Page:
With its numerous one-way streets, it is easy for those driving through Wilkinsburg to find themselves in the Hamnett Place neighborhood looking to turn around. Those who did, like Mayor John Thompson, would be struck by the massive and empty Crescent Apartments and adjacent Wilson House—once beautiful buildings seemingly forgotten. They are forgotten no longer.

Three years ago, the city with the help of Pittsburgh History and Landmarks Foundation, the Allegheny County Department of Economic Development, the Pennsylvania Housing Finance Agency, PNC Bank and the Federal Home Loan Bank began an $8.6 million restoration of the properties.

EVERYTHING OLD IS NEW— Representatives from Pittsburgh History and Landmarks, Allegheny County and the city of Wilkinsburg tour the rebuilt Wilson House, which is part of the $8.6 million housing development in the city’s historic Hamnett Place neighborhood. (Photo by J.L. Martello.)

The partners, including Thompson, County Executive Dan Onorato, and PHLF President Arthur Ziegler, showed them off at a press conference Nov. 14 at Landmarks’ new Housing Resource Center.

“I always thought this was a lovely building. When I first moved here in 1968, there were still folks living there, but I’d never been in that building until today,” said Mayor John Thompson. “I started getting calls form people about moving in as soon as the work started, so I’m very please that Landmarks found the investors to make this happen.”

The project, which required gutting the buildings’ interiors and rebuilding the roofs, has resulted in 27 units of new affordable housing, which means all the units must be rented to residents earning from 20 percent to 60 percent of the median area income.

“The restoration process was very challenging and time consuming, but has resulted in the renovation of two magnificent buildings that will once again be jewels in the community,” said PHLF Director of Real Estate Development. Michael Sriprasert.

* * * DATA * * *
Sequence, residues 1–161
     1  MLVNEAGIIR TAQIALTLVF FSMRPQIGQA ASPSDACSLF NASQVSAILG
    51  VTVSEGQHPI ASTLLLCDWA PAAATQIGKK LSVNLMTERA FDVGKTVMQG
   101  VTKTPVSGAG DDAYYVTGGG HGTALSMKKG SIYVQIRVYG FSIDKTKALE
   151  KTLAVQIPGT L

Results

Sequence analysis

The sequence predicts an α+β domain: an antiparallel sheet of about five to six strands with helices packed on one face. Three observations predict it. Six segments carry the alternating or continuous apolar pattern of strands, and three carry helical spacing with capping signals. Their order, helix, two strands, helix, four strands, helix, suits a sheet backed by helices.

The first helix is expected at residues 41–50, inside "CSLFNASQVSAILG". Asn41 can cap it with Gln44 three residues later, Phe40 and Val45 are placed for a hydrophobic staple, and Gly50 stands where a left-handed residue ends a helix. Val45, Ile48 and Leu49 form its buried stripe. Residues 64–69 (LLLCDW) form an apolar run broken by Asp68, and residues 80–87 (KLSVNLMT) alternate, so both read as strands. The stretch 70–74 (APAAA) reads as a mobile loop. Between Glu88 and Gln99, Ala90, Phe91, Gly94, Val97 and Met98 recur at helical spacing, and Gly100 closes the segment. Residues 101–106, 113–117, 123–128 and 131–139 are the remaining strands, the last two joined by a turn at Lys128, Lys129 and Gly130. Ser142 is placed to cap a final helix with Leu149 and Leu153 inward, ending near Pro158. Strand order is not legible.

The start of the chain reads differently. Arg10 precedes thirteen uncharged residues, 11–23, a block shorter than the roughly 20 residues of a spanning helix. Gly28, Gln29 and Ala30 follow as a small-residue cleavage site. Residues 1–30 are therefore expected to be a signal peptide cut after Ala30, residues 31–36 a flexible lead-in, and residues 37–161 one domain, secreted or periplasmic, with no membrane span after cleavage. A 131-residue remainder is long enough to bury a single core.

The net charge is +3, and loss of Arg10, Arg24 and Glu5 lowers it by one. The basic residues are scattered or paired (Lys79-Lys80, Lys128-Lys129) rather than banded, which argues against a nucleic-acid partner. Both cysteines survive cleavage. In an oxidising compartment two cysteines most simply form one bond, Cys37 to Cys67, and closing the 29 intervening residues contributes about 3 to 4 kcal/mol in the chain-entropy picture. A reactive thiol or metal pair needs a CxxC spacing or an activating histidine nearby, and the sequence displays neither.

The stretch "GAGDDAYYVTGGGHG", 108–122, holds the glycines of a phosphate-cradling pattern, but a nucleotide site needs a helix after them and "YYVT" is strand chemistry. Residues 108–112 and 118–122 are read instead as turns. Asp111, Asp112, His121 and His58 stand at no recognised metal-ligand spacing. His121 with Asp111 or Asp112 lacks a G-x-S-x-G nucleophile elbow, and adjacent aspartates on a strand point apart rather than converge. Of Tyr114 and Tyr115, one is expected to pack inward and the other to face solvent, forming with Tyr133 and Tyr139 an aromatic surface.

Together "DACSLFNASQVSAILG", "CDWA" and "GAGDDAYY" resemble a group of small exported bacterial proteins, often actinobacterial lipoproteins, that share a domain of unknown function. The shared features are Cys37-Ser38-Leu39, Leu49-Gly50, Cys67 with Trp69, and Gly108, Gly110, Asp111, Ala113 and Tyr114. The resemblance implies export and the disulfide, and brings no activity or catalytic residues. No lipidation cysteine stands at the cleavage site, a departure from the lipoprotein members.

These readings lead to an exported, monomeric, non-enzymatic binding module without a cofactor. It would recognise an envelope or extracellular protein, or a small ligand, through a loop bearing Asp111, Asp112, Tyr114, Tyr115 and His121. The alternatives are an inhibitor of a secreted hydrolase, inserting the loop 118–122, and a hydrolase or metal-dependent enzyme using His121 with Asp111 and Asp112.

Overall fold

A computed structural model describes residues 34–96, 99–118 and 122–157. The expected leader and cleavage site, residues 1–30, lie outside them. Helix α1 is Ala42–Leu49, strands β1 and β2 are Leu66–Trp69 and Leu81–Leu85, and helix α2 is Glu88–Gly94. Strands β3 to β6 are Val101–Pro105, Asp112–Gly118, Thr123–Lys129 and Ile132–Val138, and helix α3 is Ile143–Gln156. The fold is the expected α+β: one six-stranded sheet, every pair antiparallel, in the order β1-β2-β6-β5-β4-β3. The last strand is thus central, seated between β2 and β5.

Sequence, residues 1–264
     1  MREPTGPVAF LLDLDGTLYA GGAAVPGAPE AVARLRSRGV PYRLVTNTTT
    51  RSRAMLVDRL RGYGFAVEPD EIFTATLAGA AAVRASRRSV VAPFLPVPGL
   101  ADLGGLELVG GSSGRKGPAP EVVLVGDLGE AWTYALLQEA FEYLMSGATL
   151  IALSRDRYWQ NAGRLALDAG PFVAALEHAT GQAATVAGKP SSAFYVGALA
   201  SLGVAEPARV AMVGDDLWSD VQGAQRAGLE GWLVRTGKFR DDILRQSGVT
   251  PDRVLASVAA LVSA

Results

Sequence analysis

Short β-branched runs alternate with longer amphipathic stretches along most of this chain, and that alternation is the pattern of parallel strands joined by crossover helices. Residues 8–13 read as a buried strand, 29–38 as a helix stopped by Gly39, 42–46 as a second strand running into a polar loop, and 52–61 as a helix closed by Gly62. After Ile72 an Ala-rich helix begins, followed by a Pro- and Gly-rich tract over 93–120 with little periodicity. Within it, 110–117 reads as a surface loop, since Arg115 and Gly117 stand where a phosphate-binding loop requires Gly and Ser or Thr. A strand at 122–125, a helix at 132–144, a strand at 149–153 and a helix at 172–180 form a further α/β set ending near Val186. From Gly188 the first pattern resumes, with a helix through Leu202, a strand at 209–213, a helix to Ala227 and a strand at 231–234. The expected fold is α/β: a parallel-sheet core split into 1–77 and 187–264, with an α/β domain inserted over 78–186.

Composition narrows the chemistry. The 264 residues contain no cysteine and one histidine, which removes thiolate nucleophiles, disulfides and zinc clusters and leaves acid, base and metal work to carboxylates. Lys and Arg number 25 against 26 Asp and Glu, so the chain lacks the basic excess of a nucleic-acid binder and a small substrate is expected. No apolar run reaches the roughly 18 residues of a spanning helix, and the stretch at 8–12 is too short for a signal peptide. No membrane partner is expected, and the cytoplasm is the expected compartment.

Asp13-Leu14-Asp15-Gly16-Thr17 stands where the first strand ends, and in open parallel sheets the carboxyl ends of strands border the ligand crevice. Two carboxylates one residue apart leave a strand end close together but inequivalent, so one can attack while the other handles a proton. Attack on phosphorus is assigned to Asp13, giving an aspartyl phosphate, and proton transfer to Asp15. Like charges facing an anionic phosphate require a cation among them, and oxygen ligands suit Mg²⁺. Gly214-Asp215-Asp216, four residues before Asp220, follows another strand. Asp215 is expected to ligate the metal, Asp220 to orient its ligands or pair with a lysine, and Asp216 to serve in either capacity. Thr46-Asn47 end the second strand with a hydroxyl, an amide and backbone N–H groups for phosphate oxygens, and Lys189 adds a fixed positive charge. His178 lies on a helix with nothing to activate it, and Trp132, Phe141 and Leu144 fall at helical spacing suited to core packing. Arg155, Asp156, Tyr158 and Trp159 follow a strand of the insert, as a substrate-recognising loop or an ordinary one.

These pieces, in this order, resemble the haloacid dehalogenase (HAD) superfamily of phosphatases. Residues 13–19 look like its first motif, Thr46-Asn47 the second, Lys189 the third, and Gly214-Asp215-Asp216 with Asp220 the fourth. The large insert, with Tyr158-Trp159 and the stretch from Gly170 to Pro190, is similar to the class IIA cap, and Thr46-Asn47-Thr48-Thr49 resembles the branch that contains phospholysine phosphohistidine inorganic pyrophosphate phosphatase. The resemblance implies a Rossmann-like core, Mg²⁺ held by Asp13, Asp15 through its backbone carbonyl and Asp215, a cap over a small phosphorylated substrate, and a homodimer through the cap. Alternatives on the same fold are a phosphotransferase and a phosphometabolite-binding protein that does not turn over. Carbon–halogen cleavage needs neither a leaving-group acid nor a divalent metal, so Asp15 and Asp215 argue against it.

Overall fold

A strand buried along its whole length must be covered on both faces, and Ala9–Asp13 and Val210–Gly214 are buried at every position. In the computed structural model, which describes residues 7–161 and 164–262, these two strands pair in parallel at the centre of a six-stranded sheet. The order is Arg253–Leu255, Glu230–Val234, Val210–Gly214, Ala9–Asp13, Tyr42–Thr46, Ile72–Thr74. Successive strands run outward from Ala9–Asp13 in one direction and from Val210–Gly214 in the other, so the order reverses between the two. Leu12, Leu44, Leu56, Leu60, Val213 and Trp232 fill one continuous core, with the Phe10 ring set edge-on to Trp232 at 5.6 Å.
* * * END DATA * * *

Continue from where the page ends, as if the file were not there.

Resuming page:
Each of the new units, 23 in the Crescent building and four in the Wilson House, feature energy efficient windows and appliances, and offer high-speed Internet access. All are either two- or three-bedroom units, and four are handicapped accessible.

Brian Hudson, executive director of the PHFA, called the project “a triumph.”

The Crescent building also houses a laundry room, storage facilities for each unit, a community room, a computer facility, and an on-site management office, which will also house supportive services offered by Hosanna House.

In addition to the rental properties, the development partners also showed off three newly restored single-family homes for sale in the same neighborhood—two on Holland Avenue and another on Jeanette Street. All feature off-street parking and new plumbing, electrical and HVAC services. They are priced at between $125,000 and $127,000 and will only be sold to those meeting the affordable housing income criteria.

Ziegler said through the cooperative effort of the residents, elected officials and funders, the project succeeded “on a broad front.”

Thompson said not only will the new housing bring new people to the community and boost the city’s tax base, but it will also make the existing housing in that neighborhood more attractive. And all of that is good, he said, because the city is preparing to celebrate its 125th anniversary next year.

“The completion date for the Crescent Building is Dec. 15, and people will be moving in January, right in time for the anniversary,” he said. “We’re going to be having events all year long; the symphony will be here, we’ll be honoring historic residents during Black History Month, and we’ll have a gala event in October because that’s when the actual incorporation took place,”

(Send comments to Cmorrow@newpittsburghcourier.com.)

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